If this idea is true, it explains trivially why physicists working on Unified Field Theory haven’t been able to find a useful way to include gravity into the Standard Model. It’s because Gravity isn’t a fundamental force. It’s a macroscopic experience of a quantum phenomenon. Rather than try to include gravity into quantum physics by looking for a graviton, we include quantum physics into gravity by first principles.

And what I find particularly interesting here, given the discussion I posted a couple of weeks ago, is that this moves the boundary of quantum experience to the very edge of the Universe. Rather than worrying about how to manage the transition between the quantum regime and the classical regime, we now might think of classical physics as a particularly useful calculation trick that allows us to quickly work out the mechanical evolution of macroscopic systems.

And philosophically, does this now mean that determinism and positivism are fully dead? If experimental evidence is showing that absolutism is an illusion, and philosophy is concerned with the pursuit of truth, then what profit is there in following a dead end trail?

Which means that we (the Church) may have come to the end of the line of the Enlightenment’s religious formulation of the Reformation. Calvinists will probably not be happy. The Greek Orthodox and the Process types should be ecstatic…

My point is that there is an awful lot riding on this question of thermodynamic gravity. It’s no where near settled, but it sure is going to be fun to watch it and the attendant philosophical conversation develop.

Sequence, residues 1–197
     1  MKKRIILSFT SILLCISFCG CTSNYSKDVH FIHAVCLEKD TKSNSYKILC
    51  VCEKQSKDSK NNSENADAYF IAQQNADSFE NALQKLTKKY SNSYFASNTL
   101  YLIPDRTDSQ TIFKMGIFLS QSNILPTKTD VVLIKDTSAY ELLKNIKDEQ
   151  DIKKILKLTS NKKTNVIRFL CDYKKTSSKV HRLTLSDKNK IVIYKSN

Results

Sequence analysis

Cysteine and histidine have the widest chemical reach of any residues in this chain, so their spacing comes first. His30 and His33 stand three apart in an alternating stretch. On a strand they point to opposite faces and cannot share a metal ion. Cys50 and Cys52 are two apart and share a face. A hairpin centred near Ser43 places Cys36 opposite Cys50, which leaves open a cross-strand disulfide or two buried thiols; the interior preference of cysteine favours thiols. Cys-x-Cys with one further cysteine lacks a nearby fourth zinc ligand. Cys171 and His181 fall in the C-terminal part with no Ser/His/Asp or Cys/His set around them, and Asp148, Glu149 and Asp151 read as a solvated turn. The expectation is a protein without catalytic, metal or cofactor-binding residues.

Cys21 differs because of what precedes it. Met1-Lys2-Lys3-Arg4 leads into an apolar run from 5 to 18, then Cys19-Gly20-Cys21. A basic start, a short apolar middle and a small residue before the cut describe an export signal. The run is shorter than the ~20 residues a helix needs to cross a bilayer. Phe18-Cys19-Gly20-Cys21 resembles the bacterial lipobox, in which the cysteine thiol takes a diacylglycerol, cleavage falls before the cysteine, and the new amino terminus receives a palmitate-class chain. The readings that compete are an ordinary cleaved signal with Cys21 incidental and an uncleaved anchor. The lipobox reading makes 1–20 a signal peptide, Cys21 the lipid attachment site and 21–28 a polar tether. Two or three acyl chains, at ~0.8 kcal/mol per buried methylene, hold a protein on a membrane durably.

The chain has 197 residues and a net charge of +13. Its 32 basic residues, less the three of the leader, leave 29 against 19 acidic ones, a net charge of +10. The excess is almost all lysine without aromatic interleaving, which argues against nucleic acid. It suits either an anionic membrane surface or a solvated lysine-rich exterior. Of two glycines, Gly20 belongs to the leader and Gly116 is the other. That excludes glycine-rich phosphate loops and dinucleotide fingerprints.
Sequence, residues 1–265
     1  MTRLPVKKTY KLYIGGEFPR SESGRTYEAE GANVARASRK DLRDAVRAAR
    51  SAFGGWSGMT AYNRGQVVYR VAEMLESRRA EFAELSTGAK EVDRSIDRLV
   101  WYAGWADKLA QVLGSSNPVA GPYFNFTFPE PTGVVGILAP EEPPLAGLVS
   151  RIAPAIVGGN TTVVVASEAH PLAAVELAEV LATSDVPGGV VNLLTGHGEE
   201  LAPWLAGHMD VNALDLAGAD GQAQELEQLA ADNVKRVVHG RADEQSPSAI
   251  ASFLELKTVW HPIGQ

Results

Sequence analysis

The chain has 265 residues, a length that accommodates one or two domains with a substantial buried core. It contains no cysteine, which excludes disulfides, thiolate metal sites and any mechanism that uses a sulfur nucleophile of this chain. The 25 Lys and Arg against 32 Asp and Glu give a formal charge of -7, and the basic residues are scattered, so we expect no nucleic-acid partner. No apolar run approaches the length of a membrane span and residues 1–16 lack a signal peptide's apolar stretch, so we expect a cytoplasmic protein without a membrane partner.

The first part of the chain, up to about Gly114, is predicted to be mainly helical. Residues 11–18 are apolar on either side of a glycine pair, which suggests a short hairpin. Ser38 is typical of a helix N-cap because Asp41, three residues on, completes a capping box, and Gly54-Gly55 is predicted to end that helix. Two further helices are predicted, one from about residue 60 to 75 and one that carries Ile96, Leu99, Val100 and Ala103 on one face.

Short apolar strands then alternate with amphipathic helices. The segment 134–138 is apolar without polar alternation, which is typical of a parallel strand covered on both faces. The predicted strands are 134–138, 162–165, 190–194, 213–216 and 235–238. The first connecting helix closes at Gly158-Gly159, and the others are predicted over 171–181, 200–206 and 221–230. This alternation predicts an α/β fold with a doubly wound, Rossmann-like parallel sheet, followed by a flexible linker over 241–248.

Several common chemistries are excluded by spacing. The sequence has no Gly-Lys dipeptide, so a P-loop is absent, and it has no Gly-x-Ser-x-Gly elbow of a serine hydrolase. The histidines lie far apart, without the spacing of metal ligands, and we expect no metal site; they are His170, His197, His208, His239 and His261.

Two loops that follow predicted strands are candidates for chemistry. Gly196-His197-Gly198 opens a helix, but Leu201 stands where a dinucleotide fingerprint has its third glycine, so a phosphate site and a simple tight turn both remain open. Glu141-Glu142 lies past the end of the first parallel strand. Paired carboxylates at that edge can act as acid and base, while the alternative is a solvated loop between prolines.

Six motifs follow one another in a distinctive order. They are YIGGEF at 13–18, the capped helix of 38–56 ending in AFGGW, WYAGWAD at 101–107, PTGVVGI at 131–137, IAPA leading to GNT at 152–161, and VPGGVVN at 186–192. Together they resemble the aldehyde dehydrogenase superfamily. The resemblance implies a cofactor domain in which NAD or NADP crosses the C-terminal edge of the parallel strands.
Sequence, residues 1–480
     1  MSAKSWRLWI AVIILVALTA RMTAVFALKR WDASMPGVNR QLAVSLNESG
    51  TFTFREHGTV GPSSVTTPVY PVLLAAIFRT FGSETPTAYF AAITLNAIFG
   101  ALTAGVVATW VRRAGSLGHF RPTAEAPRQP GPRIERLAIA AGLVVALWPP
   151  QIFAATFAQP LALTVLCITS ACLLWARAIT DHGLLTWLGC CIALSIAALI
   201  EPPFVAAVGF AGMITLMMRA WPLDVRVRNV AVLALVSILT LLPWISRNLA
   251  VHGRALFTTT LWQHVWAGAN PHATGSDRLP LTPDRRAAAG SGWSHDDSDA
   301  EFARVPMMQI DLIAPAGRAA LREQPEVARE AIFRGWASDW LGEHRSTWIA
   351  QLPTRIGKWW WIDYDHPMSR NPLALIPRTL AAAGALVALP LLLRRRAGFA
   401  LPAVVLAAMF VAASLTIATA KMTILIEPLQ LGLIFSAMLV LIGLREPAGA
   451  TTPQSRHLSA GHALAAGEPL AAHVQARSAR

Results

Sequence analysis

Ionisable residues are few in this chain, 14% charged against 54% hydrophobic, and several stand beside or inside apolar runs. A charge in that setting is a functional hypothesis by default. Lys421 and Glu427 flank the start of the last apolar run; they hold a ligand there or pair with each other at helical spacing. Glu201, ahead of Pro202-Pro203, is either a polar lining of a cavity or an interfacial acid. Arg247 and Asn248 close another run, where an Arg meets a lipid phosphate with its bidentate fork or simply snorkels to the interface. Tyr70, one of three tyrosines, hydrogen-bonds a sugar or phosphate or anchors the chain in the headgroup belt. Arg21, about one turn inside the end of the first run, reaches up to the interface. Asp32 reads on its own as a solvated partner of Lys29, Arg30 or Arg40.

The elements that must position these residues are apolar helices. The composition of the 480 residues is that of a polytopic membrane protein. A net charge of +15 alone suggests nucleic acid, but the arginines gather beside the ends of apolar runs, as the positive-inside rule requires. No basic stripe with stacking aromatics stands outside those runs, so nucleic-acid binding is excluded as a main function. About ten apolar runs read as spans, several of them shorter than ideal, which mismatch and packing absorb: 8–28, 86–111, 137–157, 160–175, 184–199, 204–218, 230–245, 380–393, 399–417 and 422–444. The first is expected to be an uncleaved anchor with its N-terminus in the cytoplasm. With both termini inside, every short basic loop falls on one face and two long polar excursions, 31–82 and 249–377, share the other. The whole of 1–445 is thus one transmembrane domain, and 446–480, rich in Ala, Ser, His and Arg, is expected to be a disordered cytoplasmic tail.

(And I really do mean to try to write down something about the reason this question of where the boundary between the classical and the quantum realm is found is such a big deal for us in theology… Hopefully after Easter Day.)

Let me get this straight: quantum mechanics works at traditional quantum length scales and at cosmological length scales, but we get classical physics in between? Wild.

I know! That’s what’s so amazing about this if it works out. We just happen to live on a classical island length scale.

Though actually, that’s true no matter whether this theory is accepted or not. Classical physics basically only works on the human length scale. At the very small or very large scale it gives consistently wrong answers.

I don’t claim to understand this, but it makes sense on one level: Classical physics is the physics we developed before having access to any length scales other than human ones. Perhaps it makes sense that we get some surprises now that our horizon extends a bit further.

I am beginning to imagine the uses of this in science fiction. Instead of traveling at warp speed, once could simply tunnel across the galaxy. Neat.

And, continuing the science fiction idea – you could send an instantaneous binary signal great distances if you simply had two strongly entangled electrons (or photons) that you could flip back and forth.

Which means Star Trek’s subspace radio would be achievable!